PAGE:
Archive for Finance – Page 2

Who is Responsible to Provide Basic Needs of Americans?

There are some people who believe that the government is responsible to provide basic needs of Americans.  Others believe that each individual is responsible for providing basic needs for themselves and their own family.  Which are you?

Who Provides Basic Needs

Don’t know about you, but I am responsible to provide for myself and my family

To Provide Light not Heat

Let me say up front that the intent of all my posts are to bring light, not heat.  By that I mean I want to share information not inflame emotion.  I know that many people are emotionally charged by the topic of government assistance.  It is a hotly debated political topic that divides our government along party lines.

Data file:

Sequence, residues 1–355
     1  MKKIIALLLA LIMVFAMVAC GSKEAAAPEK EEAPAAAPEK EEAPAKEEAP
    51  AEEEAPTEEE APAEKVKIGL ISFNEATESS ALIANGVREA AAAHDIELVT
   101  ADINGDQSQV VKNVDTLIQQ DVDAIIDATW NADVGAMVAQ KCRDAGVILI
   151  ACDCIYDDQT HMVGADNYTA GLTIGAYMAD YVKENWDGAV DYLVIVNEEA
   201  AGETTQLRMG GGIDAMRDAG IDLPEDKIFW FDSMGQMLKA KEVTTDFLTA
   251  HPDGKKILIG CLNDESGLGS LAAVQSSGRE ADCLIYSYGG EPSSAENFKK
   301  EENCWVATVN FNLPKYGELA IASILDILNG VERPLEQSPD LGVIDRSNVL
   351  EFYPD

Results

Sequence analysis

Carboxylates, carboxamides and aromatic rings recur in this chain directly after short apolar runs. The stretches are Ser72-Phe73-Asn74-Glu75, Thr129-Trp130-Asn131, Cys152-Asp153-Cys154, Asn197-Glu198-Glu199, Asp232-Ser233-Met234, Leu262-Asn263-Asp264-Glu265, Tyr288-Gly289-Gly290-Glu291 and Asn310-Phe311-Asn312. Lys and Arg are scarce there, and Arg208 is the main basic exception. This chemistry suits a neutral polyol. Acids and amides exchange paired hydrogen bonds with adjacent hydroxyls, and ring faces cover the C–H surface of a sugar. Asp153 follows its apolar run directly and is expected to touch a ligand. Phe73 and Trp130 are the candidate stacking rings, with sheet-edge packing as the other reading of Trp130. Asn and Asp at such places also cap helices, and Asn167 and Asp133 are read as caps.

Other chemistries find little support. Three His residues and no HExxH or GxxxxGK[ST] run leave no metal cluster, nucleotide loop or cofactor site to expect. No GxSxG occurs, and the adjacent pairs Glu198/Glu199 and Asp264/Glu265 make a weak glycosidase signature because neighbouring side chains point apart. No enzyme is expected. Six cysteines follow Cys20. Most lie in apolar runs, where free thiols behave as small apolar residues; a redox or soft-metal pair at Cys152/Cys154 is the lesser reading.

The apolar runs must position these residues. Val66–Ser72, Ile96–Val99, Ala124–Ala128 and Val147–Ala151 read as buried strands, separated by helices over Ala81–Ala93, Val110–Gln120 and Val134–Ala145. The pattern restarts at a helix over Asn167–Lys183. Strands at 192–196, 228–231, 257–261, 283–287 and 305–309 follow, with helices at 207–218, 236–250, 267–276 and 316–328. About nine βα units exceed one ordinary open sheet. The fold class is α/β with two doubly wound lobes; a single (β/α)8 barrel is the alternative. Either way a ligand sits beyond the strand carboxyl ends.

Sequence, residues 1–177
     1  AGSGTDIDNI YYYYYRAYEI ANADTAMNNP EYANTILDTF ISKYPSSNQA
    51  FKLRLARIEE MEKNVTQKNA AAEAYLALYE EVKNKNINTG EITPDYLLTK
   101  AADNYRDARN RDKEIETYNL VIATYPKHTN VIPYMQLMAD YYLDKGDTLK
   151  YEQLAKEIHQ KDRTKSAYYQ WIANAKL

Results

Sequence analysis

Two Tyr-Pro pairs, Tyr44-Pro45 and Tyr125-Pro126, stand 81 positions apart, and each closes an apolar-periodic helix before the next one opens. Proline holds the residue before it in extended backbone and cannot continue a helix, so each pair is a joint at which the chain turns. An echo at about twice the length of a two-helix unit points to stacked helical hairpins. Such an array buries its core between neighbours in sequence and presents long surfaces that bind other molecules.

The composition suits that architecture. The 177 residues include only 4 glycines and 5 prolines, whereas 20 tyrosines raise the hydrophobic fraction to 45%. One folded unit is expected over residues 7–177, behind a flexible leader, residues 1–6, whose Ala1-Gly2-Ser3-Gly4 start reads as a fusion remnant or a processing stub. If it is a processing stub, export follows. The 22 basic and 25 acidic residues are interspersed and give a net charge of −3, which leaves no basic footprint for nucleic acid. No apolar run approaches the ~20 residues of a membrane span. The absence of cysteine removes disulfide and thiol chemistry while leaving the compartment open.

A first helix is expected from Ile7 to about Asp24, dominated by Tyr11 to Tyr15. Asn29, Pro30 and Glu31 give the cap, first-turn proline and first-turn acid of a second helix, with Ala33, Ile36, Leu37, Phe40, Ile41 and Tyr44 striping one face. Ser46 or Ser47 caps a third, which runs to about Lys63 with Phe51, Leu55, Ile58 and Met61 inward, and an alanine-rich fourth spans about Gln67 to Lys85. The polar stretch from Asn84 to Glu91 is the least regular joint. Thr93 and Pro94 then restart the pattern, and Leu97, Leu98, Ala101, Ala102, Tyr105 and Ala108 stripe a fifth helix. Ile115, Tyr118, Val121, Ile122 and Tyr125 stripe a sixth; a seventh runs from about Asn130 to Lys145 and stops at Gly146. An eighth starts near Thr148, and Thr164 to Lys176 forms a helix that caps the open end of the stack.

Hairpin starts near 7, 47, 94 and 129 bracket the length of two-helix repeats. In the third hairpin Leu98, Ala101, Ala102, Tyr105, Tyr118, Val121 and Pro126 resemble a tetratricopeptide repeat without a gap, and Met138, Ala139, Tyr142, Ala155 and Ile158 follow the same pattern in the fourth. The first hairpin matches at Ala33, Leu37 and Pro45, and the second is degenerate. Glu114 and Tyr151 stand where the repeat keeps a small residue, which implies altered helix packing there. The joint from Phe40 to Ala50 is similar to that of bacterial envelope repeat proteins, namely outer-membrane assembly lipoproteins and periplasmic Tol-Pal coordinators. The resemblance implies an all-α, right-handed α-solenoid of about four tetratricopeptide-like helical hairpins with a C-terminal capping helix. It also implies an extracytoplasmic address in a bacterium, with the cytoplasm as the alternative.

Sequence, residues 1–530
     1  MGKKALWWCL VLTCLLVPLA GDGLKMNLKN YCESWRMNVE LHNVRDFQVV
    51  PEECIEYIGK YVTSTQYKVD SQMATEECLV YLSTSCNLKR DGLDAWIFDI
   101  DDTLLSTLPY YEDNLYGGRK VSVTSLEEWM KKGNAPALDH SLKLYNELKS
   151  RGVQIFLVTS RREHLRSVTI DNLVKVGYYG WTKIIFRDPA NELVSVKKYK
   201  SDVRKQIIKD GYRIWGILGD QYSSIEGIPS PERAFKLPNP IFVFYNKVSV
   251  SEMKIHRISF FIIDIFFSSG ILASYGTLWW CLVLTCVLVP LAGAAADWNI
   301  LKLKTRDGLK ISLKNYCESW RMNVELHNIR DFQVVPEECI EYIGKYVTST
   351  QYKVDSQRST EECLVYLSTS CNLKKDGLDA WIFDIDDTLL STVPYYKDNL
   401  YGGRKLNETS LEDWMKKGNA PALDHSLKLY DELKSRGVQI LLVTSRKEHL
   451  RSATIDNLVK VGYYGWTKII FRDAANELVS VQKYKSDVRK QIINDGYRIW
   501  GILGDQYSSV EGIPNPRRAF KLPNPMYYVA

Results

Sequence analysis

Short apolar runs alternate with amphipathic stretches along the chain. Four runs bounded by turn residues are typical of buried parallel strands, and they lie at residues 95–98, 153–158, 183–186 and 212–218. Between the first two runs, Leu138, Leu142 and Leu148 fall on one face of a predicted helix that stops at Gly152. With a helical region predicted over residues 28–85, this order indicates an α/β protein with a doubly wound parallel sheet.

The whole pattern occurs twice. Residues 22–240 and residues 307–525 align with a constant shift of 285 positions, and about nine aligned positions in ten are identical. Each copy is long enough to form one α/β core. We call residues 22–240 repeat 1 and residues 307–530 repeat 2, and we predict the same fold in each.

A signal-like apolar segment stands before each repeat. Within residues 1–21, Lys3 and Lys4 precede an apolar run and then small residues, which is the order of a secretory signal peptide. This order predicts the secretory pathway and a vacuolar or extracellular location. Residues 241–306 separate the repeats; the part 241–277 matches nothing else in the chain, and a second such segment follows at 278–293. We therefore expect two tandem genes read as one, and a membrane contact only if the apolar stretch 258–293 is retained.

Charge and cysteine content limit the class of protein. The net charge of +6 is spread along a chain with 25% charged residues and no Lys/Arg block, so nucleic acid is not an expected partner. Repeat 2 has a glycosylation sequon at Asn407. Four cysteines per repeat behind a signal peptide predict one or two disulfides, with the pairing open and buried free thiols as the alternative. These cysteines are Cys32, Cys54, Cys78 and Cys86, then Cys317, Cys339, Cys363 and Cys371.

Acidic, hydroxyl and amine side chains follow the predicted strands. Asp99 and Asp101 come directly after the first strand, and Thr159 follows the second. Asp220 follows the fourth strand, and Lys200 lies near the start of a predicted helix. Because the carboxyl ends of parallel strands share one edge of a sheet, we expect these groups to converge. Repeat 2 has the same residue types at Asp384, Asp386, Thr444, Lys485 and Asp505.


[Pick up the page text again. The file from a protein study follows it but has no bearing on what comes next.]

The topic of government handouts is a sensitive one because no one wants to see suffering, and various political groups see solutions differently.  I am not taking any side about whether we should or should not provide for the less fortunate.  My hope is for you to find a better solution for yourself than being dependent on anyone else.  Your freedom is what I am writing about here.  I believe that you will have greater freedom if you shoulder the responsibility for providing for yourself and your own family.

If you feel like you are dependent on someone else or the government to help you make ends meet, I know how you feel.  I felt the same way.  There was a period of my life where I was dependent on government assistance to feed my kids.

How I Ended up on Government Assistance